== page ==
Plywood remains to be the top sheathing material because of the durability and strength it possesses. It is the best choice for broader and stronger roof support that evenly disperses the weight or increases load tolerance. Its thickness can hold up heavy roof coverings and other equipment placed on the roof such as solar panels and air-conditioning units to prevent roof collapse. In addition, its stable and movement-resistant properties against swelling, shrinking, or warping protects your roof from leakage and failure.

     It has quick dry mechanism and excellent moisture resistance.
As plywood gets wet due to inevitable exposure to weather elements like rain, ice and snow, it consistently swells but returns to its original dimension when it dries out. Its quick dry mechanism also reduces the risk of degrading the plywood’s quality as it is exposed to moisture for a longer period of time. This means that no ridges will be visible and your roof will not sag, rot or breakdown, which may cause severe leakage.

     It has good insulation property.
Plywood has a good insulation property that gives extra thermal protection to your home. Plywood could reduce the heat brought about by hot weather conditions or the extreme warming of the roof due to overexposure to the sun’s heat. Through this effective cooling system, the thermal heat from the sun are being ward off. You don’t only get to enjoy reduced household electricity bills; you also get to contribute to environment protection.

The good reputation and excellent performance of plywood help maintain the trust of construction companies and homeowners. Today, plywood continuously dominates the market due to its vital advantages as a perfect underlayment in the roof construction.

Are you looking for the right roofing materials for sheath layers? Make sure to hire professional roofing services to help you properly install your roof sheathing and make the most of the plywood’s benefits in reinforcing your roof.

Written by True Son Exteriors, the best contractor for roofing in Columbia, MO.

May 30, 2017

Types of Garbage Disposal

A garbage disposal is a necessity for every kitchen. This invention has kept a lot of smelly kitchen waste out of the landfills and this is a must for every home in every country. There are many brands of garbage disposal available and it becomes difficult to choose one. But before that you need to understand the types of garbage disposal that are there in the market today.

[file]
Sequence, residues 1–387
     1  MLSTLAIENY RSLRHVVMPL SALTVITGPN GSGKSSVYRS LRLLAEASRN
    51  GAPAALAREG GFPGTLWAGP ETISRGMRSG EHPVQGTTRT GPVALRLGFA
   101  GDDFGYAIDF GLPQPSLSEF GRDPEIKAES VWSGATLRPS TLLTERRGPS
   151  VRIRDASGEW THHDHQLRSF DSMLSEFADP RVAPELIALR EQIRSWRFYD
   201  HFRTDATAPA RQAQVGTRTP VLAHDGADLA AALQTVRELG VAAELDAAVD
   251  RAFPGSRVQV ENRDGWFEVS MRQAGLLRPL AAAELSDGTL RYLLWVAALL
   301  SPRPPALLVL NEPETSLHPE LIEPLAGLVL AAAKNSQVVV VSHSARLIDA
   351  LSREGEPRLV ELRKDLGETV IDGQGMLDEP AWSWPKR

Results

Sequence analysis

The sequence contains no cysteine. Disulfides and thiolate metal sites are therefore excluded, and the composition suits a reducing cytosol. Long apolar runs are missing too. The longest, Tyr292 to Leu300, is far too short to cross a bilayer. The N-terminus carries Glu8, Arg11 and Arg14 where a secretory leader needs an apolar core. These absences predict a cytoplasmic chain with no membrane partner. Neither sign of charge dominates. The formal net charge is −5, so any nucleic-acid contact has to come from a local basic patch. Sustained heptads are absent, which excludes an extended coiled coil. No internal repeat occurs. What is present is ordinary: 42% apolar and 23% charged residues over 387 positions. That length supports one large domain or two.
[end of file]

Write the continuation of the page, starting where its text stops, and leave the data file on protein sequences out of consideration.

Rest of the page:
There are two types of garbage disposals and they are:
·         Continuous feed garbage disposals
·         Batch feed garbage disposals

Continuous feed garbage disposals:
These are the most prominent types of garbage disposals and one that you tend to find every home kitchen. You can easily handle them. All you need to do is keep adding the food scraps and it will grind and dispose them. Installing them is not very easy and hence it requires a professional to come and install it. If you are a hands on person you can install it but using the services of a professional is advised.

These types of garbage disposals however, are risky though. If someone puts their hand in the drain then they can get injured seriously since the unit will be on always. Instead of food, if a spoon or fork falls in then the garbage disposal can get affected seriously and you may have to spend a lot on repairs. Care is needed when using these types of garbage disposal units. Another key advantage is that these disposals are quite cost effective and hence they are popular. You can add any amount of food waste and the unit will grind and dispose it.

Batch feed garbage disposals:
If you are a person who considers safety above everything else then you should opt for batch feed garbage disposal. These are more costly then the common continuous feed garbage disposals. They are not as easy to use as the continuous feed ones too. The disposal needs to be filled before you can switch it on and hence it may take time. The best part though is that unless you put a stopper it will not start working. This means that the risk of injury lessens.

Though the above types are the options that you have, your final decision should be based on other factors like price, convenience, noise, motor power etc. If you are looking at safety then batch feed garbage disposals win hands down. If you are looking for a cheaper version then continuous feed disposals are the way to go. Along with these you need to look at the horse power of the units. The lesser the horse power, the cheaper the unit, but the efficiency will be low. The higher the horse power, the better the unit and it will be able to dispose even hard bones and rinds of fruits. The cheaper units tend to be very noisy, if you cannot handle noise then it is better to buy a costlier garbage disposal as they tend to be less noisier than the cheaper ones.